Social media contests are a great way to engage followers, find new customers and collect useful marketing data. But with the finance sector governed by regulations, you must be extremely careful. Since one of your goals is to entertain customers and develop a strong B2C bond, the last thing you want to do is to get in trouble. So here’s a rundown of best practices to follow when running contests in the finance space.
But first, a recap of the rules.
Financial Contests: The Rules You Need to Know
Running a contest is a great idea. But there needs to be a plan and strategy involved. If you plan to run a trading contest then you will need to involve many departments. Your risk team, dealing room, compliance, legal and marketing will all need to be on the same page. You will need constant monitoring, a landing page, terms and conditions and regular social media updates. If you want to run a social media contest then here’s what the social platforms and regulators have to say:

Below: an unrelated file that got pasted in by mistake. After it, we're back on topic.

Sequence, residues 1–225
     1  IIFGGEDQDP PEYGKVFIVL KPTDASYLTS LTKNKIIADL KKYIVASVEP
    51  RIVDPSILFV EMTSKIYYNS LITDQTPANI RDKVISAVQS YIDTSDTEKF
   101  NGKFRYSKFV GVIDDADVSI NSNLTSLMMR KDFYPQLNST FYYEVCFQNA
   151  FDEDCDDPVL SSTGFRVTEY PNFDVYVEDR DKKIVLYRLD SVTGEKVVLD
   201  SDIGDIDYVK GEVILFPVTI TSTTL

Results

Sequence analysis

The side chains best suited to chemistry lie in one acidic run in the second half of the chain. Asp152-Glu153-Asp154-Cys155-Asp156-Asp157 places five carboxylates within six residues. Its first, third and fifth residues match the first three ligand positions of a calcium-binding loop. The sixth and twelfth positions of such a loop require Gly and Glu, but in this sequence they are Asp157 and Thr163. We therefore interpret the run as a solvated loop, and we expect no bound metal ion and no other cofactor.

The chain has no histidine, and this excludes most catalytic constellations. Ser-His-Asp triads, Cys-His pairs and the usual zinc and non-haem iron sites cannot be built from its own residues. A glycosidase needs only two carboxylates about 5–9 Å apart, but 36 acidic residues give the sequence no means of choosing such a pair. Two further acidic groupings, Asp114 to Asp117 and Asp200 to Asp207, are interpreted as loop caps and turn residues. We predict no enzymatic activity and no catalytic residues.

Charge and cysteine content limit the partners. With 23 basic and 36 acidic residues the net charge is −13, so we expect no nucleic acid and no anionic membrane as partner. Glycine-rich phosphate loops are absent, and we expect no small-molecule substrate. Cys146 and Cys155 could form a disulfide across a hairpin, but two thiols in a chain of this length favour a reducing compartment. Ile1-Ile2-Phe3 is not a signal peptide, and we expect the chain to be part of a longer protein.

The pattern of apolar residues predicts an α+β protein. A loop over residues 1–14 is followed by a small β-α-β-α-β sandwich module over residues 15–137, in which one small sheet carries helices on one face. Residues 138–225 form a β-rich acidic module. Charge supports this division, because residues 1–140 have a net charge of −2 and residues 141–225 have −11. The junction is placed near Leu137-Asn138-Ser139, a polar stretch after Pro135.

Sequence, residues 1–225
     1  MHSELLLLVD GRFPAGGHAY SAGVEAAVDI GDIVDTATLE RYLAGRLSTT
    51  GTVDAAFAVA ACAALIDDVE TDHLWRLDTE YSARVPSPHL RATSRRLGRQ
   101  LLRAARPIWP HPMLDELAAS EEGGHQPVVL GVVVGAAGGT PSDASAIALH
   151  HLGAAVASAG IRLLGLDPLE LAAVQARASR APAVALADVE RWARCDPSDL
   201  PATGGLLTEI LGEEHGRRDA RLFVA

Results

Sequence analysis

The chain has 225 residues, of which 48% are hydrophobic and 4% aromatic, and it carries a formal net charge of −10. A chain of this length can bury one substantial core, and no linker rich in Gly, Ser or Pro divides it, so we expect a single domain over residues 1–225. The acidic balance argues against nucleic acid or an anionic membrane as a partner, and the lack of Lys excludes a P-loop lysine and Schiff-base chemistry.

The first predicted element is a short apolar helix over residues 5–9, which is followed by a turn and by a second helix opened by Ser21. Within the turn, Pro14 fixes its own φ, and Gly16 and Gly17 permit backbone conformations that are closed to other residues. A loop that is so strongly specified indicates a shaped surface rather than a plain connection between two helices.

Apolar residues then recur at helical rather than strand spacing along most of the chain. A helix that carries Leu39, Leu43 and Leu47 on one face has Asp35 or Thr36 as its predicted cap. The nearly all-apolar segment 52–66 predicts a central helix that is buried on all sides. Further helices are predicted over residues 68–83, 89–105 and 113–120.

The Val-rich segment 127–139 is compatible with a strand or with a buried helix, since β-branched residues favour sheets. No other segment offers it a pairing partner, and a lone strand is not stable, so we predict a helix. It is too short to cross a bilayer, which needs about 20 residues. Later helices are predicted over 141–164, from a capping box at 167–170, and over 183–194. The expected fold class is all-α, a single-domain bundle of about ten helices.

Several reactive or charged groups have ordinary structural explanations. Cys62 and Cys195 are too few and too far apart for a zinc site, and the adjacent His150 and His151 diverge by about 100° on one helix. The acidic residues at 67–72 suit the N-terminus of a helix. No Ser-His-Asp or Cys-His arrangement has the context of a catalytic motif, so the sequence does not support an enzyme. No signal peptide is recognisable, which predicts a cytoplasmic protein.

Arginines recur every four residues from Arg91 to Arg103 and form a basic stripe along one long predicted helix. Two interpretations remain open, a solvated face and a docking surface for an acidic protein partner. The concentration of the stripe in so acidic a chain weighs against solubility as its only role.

- Facebook states, ‘Pages, Groups, and Events must not promote products, services, schemes or offers using deceptive or misleading business practices, including those intended to scam people out of money or personal information.’
This is very much in-line with the FCA’s handbook which states: ‘When a firm communicates information to a customer, it must take reasonable steps to do so in a way that is fair, clear and not misleading.’ So don’t make the prize sound better than it is just to get more likes, shares and participants as this is against the rules. Also, make sure the terms and conditions are clear to see and are not purposefully hidden.